different inputs. The lexicon of a language is a sample from the inventory of possible inputs;
all properties of the lexicon arise indirectly from the grammar, which delimits the inventory
from which the lexicon is drawn. There are no morpheme structure constraints on
phonological inputs; no lexical parameter which determines whether a language has pro.
As pointed out to us by Alan Prince (1993), richness of the base has significant
implications for the explanatory role of the grammar, in particular the relationship between
the faithfulness constraints (e.g., P
ARSE
and F
ILL
) and the structural constraints. Recall that
the faithfulness constraints require the overt structure of a description to match the underlying
form. In order for marked structures to appear in overt structures, one or more of the
faithfulness constraints must dominate the structural constraints violated by the marked
structure. Conversely, a language in which a marked structure never appears is properly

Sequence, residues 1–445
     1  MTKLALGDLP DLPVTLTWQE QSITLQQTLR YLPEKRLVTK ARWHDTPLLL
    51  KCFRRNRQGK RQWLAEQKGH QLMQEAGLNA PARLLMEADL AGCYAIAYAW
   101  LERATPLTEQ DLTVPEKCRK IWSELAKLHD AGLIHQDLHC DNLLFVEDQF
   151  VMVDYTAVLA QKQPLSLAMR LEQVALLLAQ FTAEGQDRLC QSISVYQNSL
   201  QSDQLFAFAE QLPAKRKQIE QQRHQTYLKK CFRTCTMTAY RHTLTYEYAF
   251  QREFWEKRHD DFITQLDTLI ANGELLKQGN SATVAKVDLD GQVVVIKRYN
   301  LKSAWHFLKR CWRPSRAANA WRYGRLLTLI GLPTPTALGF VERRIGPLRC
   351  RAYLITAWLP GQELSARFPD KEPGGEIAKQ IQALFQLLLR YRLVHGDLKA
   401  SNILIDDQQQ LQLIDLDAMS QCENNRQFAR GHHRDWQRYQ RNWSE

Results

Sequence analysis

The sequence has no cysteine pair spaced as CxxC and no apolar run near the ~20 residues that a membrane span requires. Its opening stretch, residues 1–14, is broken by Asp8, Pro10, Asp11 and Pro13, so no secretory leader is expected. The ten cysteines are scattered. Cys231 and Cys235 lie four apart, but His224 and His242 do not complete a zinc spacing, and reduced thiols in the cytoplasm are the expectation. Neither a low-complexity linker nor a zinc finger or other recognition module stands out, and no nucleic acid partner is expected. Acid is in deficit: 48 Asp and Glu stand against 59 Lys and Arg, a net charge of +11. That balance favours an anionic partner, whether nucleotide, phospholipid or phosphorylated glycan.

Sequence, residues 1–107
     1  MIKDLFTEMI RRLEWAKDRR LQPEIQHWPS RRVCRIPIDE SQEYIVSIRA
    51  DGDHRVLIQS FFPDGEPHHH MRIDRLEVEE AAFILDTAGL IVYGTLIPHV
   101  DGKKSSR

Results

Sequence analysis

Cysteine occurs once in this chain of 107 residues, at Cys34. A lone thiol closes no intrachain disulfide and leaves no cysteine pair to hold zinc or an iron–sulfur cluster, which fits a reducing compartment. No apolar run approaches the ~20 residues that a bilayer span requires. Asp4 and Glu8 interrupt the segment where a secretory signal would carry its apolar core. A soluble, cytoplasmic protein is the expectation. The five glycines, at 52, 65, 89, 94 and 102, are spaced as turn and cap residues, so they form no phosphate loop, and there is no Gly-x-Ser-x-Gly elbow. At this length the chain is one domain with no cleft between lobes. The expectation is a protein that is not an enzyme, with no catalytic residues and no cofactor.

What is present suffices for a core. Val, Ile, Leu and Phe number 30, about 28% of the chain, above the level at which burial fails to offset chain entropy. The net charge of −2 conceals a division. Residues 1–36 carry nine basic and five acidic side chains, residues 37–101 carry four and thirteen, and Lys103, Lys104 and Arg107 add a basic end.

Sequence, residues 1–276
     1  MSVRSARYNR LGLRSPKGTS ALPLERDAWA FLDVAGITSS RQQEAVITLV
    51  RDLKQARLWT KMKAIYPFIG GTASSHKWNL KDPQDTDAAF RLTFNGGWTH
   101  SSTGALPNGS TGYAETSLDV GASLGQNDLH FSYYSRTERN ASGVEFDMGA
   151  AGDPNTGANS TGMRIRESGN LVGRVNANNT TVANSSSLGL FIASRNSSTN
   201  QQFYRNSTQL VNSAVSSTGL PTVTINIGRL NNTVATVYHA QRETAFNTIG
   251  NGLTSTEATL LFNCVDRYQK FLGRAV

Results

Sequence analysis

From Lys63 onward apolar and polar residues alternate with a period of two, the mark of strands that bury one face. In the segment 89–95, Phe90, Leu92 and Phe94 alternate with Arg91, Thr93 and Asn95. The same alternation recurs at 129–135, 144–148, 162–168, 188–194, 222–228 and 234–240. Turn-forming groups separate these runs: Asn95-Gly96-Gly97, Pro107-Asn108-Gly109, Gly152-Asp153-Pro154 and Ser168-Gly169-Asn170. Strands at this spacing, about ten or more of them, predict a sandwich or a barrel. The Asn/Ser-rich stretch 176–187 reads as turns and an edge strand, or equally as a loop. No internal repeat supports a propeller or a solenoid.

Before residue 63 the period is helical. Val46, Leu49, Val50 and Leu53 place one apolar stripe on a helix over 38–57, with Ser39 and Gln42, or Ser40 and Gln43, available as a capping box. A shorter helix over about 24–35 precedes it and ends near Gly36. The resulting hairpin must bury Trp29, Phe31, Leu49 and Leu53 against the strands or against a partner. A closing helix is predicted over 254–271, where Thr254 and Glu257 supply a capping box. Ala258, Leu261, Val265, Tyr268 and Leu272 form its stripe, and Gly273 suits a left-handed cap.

explained by having the relevant structural constraints dominate the faithfulness constraints.
Consider CVT. A language like , all of whose lexical items surface as sequences
.CV. syllables, has a systematic property. This cannot be explained by stipulating special
structure in the lexicon, namely, a lexicon of underlying forms consisting only of CV
sequences. It is not sufficient that the grammar yield .CV. outputs when given only CV
inputs: it must give .CV. outputs even when the input is, say, /VCVC/, as shown in (6). This
can only be achieved by rankings in which faithfulness constraints are dominated by the
structural constraints. (8) is such a ranking.
36
Tesar & Smolensky Learnability in Optimality Theory
What kind of evidence could lead the learner to select the correct hierarchy? One
possibility is grammatical alternations. Alternations occur precisely because the underlying
form of an item is altered in some environments in order to satisfy high-ranked structural
constraints, at the expense of faithfulness. When learning the underlying forms, the learner
could use the alternations as evidence that faithfulness constraints are dominated.
Another proposal, suggested by Prince, is that the initial ranking has the faithfulness
constraints lower-ranked than the structural constraints. The idea is that structural constraints
will only be demoted below the faithfulness constraints in response to the appearance of